Kilby said electronic attack would be a good next mission to pursue: an unmanned aircraft accompanying a manned jet could, when prompted by the pilot, go into enemy territory to jam a system ahead of the manned aircraft flying in, for example. ISR would be another, if the unmanned aircraft could stay in the air for 12 hours or longe and far exceed the endurance of manned planes.

“I don’t want to sign up for that before we’ve met some of these rudimentary things to integrate capability in the air wing, and I think the MQ-25 is our way to start that integration” Kilby added.

Marine Corps RQ-21 Blackjack used as part of the ANTX West 2019 Exercise on April 4, 2019. US Navy Photo

There was much less pushback from lawmakers on the Marines’ plans, which largely revolve around finding new maritime missions for existing unmanned craft, or integrating existing platforms and weapons with autonomy software to create new unmanned or remotely operated capabilities – pointing to the lawmakers’ claims that they’re not against unmanned systems in general but rather have concerns about the Navy’s ability to reduce technological risk before fielding in large numbers.

Lt. Gen. Eric Smith, the deputy commandant for combat development and integration, said at the hearing that the three primary unmanned systems the Marines are pursuing would “fit together to deny certain sea spaces to an adversary in order to enable fleet maneuver,” but they also come with less risk because they are “all basic technology today that we are simply integrating” in new ways.

The Remotely Operated Ground Unit Expeditionary (ROGUE) Fires vehicle, for example, is a Joint Light Tactical Vehicle stripped of its armor and crew cabin, altered to be remotely operated, with a Naval Strike Missile strapped on top, Smith said. The ROGUE vehicle can be operated via a controller or through a LIDAR system that allows for a follow-the-leader operation. In either case, “it’s paired as a manned-unmanned teaming setup. Picture an artillery unit that is firing a HIMARs, the High-Mobility Artillery Rocket System, but now firing a Naval Strike Missile. That vehicle paired optimally – one manned vehicle, three robotic vehicles with the command vehicle – would be inserted and is transportable via our organic means” such as sling-loaded under a CH-53K heavy lift helicopter, carried inside a KC-130 airplane, or lifted on a surface connector or amphibious ship.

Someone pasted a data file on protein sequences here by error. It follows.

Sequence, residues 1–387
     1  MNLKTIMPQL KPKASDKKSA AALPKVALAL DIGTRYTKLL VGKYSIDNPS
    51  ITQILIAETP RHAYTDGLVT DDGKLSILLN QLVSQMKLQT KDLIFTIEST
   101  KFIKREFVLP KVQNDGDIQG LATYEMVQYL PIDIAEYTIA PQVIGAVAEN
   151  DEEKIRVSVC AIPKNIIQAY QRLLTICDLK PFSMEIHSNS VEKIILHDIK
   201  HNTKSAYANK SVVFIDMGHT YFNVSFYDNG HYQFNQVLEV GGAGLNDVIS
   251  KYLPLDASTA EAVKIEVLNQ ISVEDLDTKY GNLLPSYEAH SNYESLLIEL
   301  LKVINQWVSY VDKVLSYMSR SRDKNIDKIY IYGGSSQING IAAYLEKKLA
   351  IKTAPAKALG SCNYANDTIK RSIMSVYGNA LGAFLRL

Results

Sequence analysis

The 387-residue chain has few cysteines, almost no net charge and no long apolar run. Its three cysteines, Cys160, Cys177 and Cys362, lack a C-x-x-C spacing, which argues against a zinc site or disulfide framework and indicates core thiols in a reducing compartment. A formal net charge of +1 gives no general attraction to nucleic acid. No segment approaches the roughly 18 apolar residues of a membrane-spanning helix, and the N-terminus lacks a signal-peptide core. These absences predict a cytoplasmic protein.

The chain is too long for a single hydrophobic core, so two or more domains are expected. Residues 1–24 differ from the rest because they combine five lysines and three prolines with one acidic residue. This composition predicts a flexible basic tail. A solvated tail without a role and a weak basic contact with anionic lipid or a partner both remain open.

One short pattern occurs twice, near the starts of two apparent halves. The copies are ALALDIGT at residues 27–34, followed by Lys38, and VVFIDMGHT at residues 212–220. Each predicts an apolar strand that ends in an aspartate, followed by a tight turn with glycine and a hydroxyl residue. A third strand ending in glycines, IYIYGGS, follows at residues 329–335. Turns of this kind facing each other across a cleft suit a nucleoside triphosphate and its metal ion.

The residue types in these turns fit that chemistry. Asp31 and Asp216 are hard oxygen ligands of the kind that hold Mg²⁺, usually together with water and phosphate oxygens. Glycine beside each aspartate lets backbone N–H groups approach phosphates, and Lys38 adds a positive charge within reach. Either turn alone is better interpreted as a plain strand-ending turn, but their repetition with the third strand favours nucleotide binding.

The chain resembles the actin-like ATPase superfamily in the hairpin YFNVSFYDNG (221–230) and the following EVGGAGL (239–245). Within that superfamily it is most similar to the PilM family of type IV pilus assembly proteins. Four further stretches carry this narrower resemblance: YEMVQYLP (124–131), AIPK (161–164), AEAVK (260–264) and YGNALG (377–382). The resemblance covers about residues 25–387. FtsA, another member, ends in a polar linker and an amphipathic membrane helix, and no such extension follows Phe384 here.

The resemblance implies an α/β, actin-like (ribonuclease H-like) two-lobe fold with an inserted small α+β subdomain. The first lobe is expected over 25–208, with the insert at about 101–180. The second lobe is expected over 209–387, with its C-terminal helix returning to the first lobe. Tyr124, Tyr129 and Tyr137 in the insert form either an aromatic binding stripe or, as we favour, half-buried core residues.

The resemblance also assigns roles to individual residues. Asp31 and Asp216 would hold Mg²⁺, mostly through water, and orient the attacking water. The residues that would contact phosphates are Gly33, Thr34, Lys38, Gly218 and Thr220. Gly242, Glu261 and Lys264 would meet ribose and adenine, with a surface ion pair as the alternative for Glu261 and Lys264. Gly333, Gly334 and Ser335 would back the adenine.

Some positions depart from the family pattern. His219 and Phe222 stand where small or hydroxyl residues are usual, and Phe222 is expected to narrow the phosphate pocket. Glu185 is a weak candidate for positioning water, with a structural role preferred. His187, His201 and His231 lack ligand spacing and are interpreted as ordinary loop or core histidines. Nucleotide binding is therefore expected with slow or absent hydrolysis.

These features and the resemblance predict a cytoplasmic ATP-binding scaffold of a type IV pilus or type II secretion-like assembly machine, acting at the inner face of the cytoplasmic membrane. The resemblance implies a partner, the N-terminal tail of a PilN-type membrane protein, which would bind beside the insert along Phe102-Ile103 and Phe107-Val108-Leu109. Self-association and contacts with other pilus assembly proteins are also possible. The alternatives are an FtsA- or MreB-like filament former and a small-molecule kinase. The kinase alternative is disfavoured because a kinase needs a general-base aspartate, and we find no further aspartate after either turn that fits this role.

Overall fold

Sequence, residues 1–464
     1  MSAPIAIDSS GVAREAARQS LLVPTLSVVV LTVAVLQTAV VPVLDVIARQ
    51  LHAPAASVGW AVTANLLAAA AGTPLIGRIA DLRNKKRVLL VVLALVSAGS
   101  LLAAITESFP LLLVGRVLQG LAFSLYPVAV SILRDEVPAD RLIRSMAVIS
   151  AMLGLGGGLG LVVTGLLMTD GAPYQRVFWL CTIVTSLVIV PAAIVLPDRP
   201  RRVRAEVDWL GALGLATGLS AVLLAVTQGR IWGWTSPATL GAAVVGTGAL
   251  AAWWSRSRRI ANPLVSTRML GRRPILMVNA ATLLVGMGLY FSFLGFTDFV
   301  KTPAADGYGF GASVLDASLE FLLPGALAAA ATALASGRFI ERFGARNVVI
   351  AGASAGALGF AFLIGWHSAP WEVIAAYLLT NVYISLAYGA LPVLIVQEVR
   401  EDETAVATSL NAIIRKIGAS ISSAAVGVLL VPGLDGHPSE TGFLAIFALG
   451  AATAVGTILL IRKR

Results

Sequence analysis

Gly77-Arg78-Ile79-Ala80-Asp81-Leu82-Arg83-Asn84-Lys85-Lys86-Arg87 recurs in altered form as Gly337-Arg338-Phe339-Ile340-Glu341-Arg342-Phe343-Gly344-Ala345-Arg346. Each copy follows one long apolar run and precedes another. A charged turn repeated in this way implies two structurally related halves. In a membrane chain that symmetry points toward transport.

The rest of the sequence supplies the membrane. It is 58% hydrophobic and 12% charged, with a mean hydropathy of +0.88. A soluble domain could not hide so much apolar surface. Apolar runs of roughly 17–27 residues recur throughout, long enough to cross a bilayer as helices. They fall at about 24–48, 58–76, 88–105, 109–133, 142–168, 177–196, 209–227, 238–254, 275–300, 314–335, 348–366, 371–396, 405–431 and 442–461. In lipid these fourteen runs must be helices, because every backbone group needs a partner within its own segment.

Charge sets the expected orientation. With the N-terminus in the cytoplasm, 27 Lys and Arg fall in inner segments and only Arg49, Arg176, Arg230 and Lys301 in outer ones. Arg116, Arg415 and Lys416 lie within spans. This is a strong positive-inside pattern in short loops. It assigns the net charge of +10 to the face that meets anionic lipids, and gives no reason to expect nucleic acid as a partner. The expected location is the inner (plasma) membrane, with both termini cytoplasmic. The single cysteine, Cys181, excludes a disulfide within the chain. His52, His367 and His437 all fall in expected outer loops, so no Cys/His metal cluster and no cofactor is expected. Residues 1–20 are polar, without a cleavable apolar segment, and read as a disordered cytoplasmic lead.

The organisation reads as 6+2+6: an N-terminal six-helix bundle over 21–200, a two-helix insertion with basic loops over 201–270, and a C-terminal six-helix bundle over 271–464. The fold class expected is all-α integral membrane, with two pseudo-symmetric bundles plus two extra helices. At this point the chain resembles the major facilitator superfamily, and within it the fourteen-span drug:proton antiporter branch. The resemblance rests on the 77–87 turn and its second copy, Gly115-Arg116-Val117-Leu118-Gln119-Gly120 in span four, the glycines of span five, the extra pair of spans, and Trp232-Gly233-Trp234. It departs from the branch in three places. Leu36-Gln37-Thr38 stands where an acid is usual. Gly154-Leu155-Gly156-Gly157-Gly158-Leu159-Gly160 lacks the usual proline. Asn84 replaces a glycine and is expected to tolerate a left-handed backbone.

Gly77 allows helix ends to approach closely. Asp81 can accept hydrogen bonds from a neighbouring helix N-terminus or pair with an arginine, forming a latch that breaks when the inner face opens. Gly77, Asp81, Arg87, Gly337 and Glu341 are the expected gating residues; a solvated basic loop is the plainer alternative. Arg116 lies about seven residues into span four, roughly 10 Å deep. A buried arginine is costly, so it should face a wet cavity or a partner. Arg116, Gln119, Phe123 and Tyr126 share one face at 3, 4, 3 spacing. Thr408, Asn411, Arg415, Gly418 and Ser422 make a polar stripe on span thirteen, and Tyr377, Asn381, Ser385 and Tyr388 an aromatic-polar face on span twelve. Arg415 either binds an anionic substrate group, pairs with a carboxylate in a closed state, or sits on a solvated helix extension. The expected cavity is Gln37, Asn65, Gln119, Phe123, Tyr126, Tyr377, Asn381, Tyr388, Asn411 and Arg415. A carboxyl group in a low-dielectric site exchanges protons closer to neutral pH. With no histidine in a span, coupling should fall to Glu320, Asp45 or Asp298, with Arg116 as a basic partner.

The ROGUE Fires setup, which puts enemy ships at risk for more than 100 miles, “is an existing platform: Joint Light Tactical vehicle, no new technology. Naval Strike Missile: no new technology. We simply integrated two existing technologies, and that’s how we buy down the risk.”

The second key unmanned technology the Marine Corps wants is a long-range unmanned surface vessel, which the service originally wanted for logistics but has since been talked about as a decoy and to launch munitions.

Smith said the service hoped to experiment with five Metal Shark 46-foot commercial boats that would be made semi-autonomous and could carry loitering munitions that, when paired with the Naval Strike Missiles ashore, could put a range of high-value enemy targets at risk.

Third, the service is looking at how to pass data at long ranges and within contested territory. This could be done with the MQ-9 unmanned aerial vehicle, long operated by the Air Force and now being adapted for a maritime mission by the Marines. The Marines already operate two MQ-9A extended range UAVs in the U.S. Central Command area of operations, and the service plans to procure 16 more to create three squadrons of six aircraft each, Smith said. Those UAVs would be operated from bases in the U.S., in Guam or in friendly nations.

“That system is incredibly important to us to pass data across the battlefield; it is the closer of the kill chain, maritime kill chain, as we operate underneath, again, an alternate precision navigation and timing network. That system has the duration and the range to be operated from those bases that we do control and still give us the loiter time that we need to be able to both close the kill chain and to move that asset around something as vast as the Indo-Pacific theater,” Smith said. He later added that the MQ-9 or something like it would be needed to connect the most forward-deployed Marines already inside the enemy’s weapons engagement zone with those flowing in if a fight were to occur.